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Europe

Brussels Offers Disillusioned Europeans Sweeping Social Package

With France now in the driver's seat, EU officials on Wednesday unveiled new bloc-wide social policies aimed at putting an end to discrimination in all areas. It will be up to the 27 member states to implement them.

A man in a wheelchair next to several women on a bench

The EU wants to expand equal opportunity to more areas of life

The European Commission on Wednesday, July 2, presented a comprehensive social package that ranges from anti-discrimination laws to health care abroad to labor rights.

After Ireland's clear No to the European Union's reform treaty last month, Brussels is looking for ways to win back the support of the people.

"It's important to us to understand the message of the Irish voters," said Francois Fillon, the prime minister of France, which began its six-month EU presidency on July 1. "They're telling us: fewer discussions about institutions, more concrete solutions for the problems in Europe."

Equal rights for everyone

Drawing of an Irish flag caught in moving gears

With their No vote, the Irish called for a Europe that is closer to the people

Ensuring equal rights regardless of skin color, gender, sexual orientation, religion and handicaps is the main thrust of the package.

Wheelchair users and blind tenants, for example, should be given access to all shops and services. And employers and landlords should be legally bound not to discriminate when selecting employees or tenants.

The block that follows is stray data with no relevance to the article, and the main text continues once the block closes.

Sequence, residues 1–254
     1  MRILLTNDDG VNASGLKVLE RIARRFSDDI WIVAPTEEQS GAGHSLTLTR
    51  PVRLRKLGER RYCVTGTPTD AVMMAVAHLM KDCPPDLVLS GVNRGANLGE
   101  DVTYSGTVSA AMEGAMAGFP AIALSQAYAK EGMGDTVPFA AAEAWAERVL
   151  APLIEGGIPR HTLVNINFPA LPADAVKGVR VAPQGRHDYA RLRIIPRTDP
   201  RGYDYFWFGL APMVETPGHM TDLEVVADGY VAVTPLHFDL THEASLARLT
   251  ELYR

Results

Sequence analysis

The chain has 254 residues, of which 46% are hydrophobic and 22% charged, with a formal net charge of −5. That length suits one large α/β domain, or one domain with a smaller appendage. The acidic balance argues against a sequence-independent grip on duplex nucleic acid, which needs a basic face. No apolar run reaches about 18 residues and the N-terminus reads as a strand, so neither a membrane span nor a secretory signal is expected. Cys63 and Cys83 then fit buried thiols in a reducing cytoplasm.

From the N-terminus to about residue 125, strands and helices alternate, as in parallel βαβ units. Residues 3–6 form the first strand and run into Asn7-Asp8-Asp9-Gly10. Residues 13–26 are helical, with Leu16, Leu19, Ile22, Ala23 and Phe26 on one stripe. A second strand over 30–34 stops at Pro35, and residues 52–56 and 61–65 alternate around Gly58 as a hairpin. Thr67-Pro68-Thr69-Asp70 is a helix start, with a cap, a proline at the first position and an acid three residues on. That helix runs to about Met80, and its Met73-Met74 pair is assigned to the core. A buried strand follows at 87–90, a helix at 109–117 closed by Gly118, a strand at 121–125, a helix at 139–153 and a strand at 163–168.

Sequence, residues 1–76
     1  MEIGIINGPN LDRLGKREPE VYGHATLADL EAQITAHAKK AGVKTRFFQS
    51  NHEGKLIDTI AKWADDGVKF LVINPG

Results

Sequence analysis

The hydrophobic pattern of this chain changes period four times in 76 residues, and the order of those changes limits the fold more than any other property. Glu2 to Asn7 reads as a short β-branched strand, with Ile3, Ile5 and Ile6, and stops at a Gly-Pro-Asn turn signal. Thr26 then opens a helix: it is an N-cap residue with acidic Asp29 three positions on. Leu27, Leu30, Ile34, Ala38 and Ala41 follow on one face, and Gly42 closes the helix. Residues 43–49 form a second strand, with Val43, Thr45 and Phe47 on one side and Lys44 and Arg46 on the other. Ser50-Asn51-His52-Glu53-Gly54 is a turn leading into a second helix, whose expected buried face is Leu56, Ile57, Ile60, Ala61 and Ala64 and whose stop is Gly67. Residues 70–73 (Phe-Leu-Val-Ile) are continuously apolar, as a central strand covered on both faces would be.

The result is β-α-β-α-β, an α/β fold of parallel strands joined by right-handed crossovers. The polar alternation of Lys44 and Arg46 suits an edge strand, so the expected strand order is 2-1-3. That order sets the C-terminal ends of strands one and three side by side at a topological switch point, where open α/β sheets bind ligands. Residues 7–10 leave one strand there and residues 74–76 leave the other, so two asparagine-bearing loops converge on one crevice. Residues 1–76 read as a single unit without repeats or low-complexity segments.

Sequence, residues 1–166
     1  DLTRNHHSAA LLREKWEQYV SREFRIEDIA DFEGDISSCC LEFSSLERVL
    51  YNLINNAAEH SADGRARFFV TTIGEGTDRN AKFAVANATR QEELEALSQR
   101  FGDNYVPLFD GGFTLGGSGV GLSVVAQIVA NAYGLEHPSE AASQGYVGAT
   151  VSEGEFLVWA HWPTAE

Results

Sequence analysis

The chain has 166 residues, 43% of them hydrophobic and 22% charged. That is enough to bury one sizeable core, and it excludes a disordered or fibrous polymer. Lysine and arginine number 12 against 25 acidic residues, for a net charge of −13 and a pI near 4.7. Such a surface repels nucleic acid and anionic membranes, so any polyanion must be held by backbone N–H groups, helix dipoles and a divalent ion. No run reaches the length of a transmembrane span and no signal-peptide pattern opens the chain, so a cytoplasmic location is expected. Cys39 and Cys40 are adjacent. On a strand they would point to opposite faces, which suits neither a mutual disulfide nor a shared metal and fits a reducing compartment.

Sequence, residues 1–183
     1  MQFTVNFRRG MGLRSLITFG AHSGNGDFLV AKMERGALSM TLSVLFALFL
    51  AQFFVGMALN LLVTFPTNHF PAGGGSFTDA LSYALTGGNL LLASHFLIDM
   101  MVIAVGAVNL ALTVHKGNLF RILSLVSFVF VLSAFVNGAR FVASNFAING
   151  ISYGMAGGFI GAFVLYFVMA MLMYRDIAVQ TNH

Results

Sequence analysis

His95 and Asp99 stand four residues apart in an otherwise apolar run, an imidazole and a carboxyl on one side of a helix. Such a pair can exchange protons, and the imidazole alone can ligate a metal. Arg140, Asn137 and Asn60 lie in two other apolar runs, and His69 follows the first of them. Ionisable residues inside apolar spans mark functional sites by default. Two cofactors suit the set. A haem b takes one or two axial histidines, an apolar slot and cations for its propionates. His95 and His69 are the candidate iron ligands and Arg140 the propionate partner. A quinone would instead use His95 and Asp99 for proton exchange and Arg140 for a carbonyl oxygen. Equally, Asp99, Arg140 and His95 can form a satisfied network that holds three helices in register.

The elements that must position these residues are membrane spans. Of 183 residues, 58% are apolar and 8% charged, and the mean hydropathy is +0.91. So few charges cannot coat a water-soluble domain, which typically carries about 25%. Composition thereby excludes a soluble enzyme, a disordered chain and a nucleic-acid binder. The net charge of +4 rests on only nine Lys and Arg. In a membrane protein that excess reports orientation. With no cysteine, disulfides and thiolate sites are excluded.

The new measures, which have yet to be put into effect by the individual member states, go well beyond the bloc's existing handful of anti-discrimination laws, passed several years ago.

Resistance from Berlin

Nearly everything that the European Commission proposed on Wednesday has already been made law in Germany by the current governing coalition, and the country has been praised in Brussels for being at the fore in anti-discrimination legislation.

Nevertheless, conservative voices in Berlin are concerned that the social package will simply mean more expensive bureaucracy from Brussels. It cost Germany 1.73 billion euros ($2.73 billion) to implement its current set of anti-discrimination laws.

Vladimir Spidla

Spidla said Europe's social plan has to be flexible

Vladimir Spidla, the EU social affairs commissioner, who is presenting the plan, defended it by saying that "our European social model is still valid, but we always have to adjust it to meet the new challenges and expectations of our citizens.

"Millions of people in the EU continue to face discrimination in their everyday lives," he said in a statement.

France has other presidential priorities

In addition to anti-discrimination laws, the package also aims to break down inter-European borders for health care by ensuring that health insurers pay for services in other European countries.

The patient's health care service would foot the bill for non-hospital treatment abroad, but only up to the amount the treatment would cost in the home state. Some limitations apply, for example on major surgeries, to prevent health care tourism -- which is a concern in some member countries like Britain.

The EU also proposed strengthening the role of pan-European works councils in major international companies. The bid has been harshly criticized by employers' groups concerned that it would hinder corporate decision-making.

French President Nikolas Sarkozy has already made it clear, however, that social policy won't be a top priority during his country's EU presidency. Issues like the reform treaty, immigration, defense, climate change, and energy supply will take center stage.

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